Scale Effects in Invention? Evidence from Urban Areas in the U.S.
20 Pages Posted: 27 Dec 2012
Date Written: December 26, 2012
Creative and inventive individuals are the principal inputs for the generation of ideas which ought to imply the presence of a strong “scale effects” in the production of new ideas. Identifying the relationship between population size and idea generation is difficult at the level of national economies due to the many confounding factors. This paper is motivated by the question of whether there are scale effects in the production of new ideas in urban economies. Patenting activity is a privileged data source as both the production of ideas and who the producers are can be tracked with very high precision. The very high levels of economic, social, institutional, political and cultural integration among the urban areas of the United States provide the conditions to investigate whether there is positive a feedback loop between population and ideas. The evidence presented indicates that both the level and growth rate of urban patents are positively affected by the size of the inventive labor force but the effect is less than proportional (in the case of initial number of inventors) or proportional (when measuring the effect of growth of inventors). The story of urban patenting one of scale effects but without increasing returns. What we know about how patenting gets done, and who does it, provide the micro foundations for the results presented here.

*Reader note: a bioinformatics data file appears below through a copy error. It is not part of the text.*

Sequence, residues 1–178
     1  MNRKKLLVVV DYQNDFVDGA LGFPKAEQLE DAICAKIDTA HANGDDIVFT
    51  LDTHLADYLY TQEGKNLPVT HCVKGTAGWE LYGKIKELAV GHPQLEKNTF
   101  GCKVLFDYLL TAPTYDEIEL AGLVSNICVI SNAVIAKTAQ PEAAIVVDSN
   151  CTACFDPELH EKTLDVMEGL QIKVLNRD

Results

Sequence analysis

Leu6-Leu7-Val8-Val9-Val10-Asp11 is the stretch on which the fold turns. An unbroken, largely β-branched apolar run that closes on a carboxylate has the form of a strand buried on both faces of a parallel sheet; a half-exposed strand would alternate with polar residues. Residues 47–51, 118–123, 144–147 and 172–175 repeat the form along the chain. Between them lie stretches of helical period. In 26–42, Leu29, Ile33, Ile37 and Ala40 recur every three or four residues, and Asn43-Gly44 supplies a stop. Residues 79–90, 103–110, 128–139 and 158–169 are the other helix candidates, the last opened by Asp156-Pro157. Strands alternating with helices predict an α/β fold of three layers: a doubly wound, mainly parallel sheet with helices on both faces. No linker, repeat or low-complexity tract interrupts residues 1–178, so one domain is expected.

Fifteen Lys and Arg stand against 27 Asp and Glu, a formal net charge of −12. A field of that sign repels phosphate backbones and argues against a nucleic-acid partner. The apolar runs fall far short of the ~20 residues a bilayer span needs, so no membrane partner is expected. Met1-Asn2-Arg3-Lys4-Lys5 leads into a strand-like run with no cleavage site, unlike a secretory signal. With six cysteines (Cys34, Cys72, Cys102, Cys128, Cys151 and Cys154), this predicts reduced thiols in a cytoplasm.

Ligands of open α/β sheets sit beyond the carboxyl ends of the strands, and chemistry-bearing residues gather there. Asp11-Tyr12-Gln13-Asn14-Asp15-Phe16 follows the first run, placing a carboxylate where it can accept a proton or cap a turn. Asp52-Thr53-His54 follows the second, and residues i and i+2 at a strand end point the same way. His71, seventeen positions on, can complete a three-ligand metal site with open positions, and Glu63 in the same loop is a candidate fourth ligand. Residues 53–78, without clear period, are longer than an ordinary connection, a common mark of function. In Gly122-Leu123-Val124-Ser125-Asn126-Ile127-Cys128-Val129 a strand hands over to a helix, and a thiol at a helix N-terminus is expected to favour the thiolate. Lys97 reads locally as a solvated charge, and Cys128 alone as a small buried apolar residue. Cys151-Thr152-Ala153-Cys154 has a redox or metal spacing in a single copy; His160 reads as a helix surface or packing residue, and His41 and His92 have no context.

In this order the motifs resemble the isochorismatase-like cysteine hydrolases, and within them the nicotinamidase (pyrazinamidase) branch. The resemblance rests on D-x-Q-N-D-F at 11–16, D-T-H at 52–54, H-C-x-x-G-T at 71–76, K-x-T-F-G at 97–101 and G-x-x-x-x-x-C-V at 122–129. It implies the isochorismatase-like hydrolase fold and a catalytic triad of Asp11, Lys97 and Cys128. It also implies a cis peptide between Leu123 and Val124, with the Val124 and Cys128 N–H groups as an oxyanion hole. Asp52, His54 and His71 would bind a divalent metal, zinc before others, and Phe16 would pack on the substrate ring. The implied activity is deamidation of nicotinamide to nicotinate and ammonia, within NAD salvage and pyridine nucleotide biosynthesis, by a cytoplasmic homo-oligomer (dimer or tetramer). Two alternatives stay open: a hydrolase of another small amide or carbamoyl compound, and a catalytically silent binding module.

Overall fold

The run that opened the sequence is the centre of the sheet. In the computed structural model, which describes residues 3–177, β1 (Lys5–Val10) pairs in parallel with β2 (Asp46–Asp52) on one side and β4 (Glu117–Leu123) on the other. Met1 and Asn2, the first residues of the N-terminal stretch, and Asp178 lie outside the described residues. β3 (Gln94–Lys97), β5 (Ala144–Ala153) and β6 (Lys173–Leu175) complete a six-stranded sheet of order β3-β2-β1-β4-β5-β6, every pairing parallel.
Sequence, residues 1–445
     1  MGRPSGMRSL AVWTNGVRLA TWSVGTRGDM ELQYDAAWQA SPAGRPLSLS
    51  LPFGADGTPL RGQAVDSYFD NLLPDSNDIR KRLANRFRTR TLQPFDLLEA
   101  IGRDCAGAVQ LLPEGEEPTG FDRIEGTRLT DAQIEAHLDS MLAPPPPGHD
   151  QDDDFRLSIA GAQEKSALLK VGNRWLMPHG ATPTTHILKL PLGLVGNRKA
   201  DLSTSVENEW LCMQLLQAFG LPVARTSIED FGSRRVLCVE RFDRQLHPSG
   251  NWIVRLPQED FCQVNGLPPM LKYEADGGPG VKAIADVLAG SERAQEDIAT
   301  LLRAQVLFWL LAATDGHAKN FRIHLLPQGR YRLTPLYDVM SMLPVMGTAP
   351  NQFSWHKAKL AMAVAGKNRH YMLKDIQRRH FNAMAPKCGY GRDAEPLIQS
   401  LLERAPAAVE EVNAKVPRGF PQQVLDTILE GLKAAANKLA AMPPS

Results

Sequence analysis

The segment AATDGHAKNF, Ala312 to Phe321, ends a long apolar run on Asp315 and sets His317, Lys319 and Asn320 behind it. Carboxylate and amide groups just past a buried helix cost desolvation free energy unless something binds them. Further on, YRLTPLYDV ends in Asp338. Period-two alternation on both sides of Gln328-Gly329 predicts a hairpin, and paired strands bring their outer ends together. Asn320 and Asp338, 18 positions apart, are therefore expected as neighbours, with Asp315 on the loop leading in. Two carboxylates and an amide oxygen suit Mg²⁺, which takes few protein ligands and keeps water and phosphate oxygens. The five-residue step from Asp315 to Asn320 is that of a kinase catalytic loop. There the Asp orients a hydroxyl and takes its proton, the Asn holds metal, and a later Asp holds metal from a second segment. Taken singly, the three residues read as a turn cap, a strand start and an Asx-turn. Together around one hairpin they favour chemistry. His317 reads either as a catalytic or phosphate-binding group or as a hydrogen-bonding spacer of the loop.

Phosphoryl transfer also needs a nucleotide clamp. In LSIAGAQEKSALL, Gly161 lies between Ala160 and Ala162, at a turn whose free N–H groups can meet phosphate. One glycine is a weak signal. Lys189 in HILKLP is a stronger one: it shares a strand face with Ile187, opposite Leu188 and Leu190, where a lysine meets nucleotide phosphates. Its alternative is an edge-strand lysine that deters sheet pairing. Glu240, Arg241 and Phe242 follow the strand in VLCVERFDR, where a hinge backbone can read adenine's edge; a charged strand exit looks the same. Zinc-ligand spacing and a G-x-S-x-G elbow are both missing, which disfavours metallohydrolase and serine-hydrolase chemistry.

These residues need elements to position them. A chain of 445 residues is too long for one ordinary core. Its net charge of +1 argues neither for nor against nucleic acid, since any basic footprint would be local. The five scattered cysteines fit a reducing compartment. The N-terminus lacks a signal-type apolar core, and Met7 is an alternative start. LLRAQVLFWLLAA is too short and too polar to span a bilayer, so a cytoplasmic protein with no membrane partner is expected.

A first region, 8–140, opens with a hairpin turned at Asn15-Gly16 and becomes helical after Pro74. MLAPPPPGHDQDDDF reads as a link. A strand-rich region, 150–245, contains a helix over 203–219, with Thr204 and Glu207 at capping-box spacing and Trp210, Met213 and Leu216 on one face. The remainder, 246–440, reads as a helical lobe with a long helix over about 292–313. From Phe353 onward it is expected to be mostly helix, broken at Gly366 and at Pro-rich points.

Keywords: invention, patenting, scale effects, urban areas
JEL Classification: O31, R12, J10
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